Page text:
The Country Music Association’s 2001 Female Vocalist of the Year is performing at a fundraiser for the Jud C. Hickey Center for Alzheimer’s Care. The event starts at 8:30 p.m. with Josh Thompson opening.
Tickets are $20. Call (706) 738-5039.
Here are some quick facts about Womack:
• She was born on Aug. 19, 1966, in Jacksonville, Texas, and reared by her mother, a school teacher, and father, a school principal and radio disc jockey.
• She attended South Plains Junior College in Levelland, Texas, where she performed in a college band. She next studied the music business at Belmont University in Nashville.
• Her 2000 hit single, I Hope You Dance, hit No. 1 on Billboard’s magazine country music chart and No. 15 on Billboard’s Hot 100 chart of all kinds of recordings.
• Frank Liddell, her husband, not only produced Womack’s single I Hope You Dance but also co-produced Miranda Lambert’s award-winning albums Kerosene and Crazy Ex-Girlfriend.
• Her fifth studio album, There’s More Where That Came From, released in 2005, won the Country Music Association’s Album of the Year award.
• She performed I Hope You Dance at the annual Nobel Peace Prize concert in 2000. It also was featured in the 2008 Tyler Perry film The Family That Preys.
GREAT VOICES FOR A GREAT CAUSE: Some of Augusta’s best voices and instrumentalists can be heard at 4 p.m. Sunday, March 4, at St. Luke United Methodist Church, 309 Crawford Ave., for a concert benefiting the church.
Eryn Eubanks & The Family Fold; Davis, Wilson & Hill (Roger Davis, Duane Wilson and Ronnie Hill) and also Karen Gordon and Friends will be the main attractions.
Tickets are $15 advance, $20 at the door. Call (706) 833-3967 for details. Tickets are available at Broadway Tackle, 1730 Broad St.; Crums on Central, 1855 Central Ave.; Midtown Market, 2113 Kings Way; and Salon 606, 606 Crawford Ave.
RIGHTEOUS BROTHERS TRIBUTE: Augusta native Sammy O’Banion has become more known in recent years for his beach music performances and being inducted into the Beach Music Hall of Fame.
But his new project is teaming up with his long-time musical partner Kenny Earl to create a tribute stage show about Bill Medley and Bobby Hatfield: The Righteous Brothers Story.
It’s divided into their early years of forming their remarkable duo, their breakup and later reunion and also Hatfield’s death.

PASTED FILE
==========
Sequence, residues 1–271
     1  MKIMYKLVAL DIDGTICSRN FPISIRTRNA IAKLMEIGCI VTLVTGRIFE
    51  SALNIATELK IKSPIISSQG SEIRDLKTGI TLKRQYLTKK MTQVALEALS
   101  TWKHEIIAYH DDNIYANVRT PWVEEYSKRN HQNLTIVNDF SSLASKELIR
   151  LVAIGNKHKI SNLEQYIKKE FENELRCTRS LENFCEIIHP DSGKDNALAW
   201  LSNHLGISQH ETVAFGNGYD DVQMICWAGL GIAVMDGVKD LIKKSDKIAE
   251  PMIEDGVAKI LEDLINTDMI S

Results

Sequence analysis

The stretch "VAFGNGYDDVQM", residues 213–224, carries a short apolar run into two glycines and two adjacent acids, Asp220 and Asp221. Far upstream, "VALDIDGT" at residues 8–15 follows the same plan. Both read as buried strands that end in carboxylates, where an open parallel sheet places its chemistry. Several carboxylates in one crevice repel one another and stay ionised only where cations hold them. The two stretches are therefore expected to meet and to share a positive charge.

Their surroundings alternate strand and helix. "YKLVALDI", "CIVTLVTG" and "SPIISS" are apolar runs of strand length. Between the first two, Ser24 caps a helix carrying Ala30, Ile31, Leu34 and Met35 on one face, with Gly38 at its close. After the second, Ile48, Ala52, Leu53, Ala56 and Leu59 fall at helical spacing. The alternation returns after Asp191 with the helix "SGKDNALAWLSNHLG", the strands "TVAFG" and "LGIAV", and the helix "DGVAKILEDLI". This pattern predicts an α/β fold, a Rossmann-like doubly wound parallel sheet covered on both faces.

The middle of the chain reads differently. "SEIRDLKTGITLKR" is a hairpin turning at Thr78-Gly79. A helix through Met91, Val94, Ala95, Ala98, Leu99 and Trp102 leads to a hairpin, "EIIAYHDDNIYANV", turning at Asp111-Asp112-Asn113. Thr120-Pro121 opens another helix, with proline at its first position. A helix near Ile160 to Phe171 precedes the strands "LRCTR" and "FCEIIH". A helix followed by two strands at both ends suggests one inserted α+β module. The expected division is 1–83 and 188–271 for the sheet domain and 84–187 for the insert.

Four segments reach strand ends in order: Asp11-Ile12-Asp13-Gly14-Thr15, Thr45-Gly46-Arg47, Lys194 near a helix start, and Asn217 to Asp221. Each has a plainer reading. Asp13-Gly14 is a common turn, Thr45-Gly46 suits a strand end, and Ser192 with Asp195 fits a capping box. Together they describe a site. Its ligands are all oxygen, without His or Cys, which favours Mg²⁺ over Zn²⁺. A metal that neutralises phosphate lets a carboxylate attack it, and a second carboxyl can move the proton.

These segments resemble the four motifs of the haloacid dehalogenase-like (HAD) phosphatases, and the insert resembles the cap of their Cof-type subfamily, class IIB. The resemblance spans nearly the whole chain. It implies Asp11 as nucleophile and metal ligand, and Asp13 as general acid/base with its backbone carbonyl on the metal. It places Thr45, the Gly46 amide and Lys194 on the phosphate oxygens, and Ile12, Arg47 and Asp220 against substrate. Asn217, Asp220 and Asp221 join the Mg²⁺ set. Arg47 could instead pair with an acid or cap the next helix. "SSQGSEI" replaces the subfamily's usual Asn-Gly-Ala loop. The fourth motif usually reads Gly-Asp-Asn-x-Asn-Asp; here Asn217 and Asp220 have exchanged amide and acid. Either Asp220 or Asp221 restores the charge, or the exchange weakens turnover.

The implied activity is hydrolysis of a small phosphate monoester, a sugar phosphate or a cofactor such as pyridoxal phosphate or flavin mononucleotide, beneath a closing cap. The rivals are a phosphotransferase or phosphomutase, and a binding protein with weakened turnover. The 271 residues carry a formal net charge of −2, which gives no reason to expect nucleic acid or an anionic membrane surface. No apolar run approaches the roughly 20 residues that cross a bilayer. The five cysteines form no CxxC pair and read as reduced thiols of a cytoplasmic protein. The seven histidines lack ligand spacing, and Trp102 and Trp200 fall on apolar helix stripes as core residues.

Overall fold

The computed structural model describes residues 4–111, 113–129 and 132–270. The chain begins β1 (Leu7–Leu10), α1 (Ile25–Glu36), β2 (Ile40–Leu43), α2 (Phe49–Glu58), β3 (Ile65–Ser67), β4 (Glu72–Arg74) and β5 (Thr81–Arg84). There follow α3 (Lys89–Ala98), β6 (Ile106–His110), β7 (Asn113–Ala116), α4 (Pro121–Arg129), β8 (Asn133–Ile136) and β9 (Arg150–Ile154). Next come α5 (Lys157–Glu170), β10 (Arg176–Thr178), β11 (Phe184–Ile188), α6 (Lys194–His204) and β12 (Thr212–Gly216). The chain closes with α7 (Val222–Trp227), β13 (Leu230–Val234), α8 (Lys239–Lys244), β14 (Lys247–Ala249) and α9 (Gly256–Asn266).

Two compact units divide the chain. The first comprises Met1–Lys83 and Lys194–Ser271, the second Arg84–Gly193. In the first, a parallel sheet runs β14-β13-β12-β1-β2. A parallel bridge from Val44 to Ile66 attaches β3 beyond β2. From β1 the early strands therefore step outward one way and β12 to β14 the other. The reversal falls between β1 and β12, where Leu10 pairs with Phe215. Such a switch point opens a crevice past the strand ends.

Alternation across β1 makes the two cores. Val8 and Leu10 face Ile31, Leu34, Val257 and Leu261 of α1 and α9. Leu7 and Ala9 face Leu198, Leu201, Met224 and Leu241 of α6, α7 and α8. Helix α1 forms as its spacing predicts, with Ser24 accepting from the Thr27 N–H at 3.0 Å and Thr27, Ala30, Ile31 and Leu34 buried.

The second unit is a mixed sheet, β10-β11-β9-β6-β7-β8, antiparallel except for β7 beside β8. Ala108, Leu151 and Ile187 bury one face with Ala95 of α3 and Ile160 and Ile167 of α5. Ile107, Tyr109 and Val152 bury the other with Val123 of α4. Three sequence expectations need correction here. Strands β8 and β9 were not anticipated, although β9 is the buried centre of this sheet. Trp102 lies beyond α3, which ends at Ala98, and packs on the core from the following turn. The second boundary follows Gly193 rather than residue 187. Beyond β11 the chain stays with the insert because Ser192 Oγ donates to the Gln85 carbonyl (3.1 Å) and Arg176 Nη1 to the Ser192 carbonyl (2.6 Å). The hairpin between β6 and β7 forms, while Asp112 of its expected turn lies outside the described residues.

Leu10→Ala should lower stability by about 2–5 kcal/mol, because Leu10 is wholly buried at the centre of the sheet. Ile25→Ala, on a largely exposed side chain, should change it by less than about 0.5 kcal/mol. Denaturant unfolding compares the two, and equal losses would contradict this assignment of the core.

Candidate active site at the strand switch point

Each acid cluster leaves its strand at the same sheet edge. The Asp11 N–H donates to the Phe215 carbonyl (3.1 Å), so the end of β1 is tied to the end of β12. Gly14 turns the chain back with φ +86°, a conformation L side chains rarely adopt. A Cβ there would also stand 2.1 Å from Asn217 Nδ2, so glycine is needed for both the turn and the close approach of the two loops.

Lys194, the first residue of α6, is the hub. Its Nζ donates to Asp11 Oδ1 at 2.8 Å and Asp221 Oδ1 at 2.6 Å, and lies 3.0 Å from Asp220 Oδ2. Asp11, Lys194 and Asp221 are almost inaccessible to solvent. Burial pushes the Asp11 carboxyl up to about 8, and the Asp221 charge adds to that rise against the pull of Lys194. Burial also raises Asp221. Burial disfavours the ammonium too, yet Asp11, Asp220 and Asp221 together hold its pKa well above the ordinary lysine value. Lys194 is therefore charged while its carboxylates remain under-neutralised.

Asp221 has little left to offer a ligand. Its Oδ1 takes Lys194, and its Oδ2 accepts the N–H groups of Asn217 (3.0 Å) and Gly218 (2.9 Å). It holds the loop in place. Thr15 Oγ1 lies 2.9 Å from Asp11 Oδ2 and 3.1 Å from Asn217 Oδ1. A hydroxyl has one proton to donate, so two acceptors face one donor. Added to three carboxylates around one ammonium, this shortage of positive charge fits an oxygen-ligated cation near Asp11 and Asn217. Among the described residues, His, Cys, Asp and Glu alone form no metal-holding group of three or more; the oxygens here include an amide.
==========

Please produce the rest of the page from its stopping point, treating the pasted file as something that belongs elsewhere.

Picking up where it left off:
And, of course, it’s filled with those great Righteous Brothers’ hits like Unchained Melody, You’ve Lost That Loving Feeling, (You’re My) Soul and Inspiration, Dream On, Justine and Rock and Roll Heaven.
“We had our first show on Feb. 11 at The Morehead Center in Morehead, N.C.,” O’Banion said in a call last week. “We got two standing ovations. I think it was the most rewarding experience that I’ve had since I’ve been performing.”
O’Banion and Earl plan to tighten up the show and begin booking it into other venues. Anyone interested can reach O’Banion at (910) 289-1229.
BECKY HOBBS’ SHOW DEBUT: Oklahoma-born hit singer/songwriter Becky Hobbs will debut the first full production of her musical NANYEHI – Beloved Woman of the Cherokee at 7:30 p.m. April 14, in the 750-seat Lonnie Burns Fine Arts Center at Hart County High School in Hartwell, Ga.
The show, produced in two acts with 17 new songs and created by Hobbs, is based on the life of Hobbs’ fifth generation Cherokee grandmother Nancy Ward.
It also will be staged by Savannah River Productions at 3 p.m. April 15, 22 and 29; and 3:30 p.m. April 21 and 28. Tickets are $5 students, $14 seniors (60 plus) and $15 adults.
Hobbs and her guitarist husband Duane Sciacqua also will perform a fundraiser for the show at 7:30 p.m. March 10, in the Hartwell center. Tickets are $20. For tickets for the benefit or show and information: www.savannahriverproductions.org.
FAN OF RAY PRICE: Faithful reader Pat Larmon wrote that country music legend Ray Price always was her favorite singer and was really surprised about 1970 when he showed up unexpectedly at a supper club that she and her husband were at in the Baltimore, Md., area.
“When the manager of the club introduced him and he stood up to all the applause, I made the comment rather loudly to my table companions, ‘That doesn’t look like Ray Price. He’s my favorite singer and that does not look like him!’
Price, according to Larmon, heard the remark and came to her table and said, “I’m sorry if you’re disappointed, but I am Ray Price” and then asked her to dance! Larmon apologized, saying she had only seen him in his “cowboy outfits” and never in a business suit.
In 1985, Price came to Augusta to perform in what was then the civic center and Larmon’s friends arranged for her to come backstage for a reunion.
“What a neat thing!” she wrote. “He was such a gentleman and still is my favorite male country singer.” Dottie West is her favorite female country singer.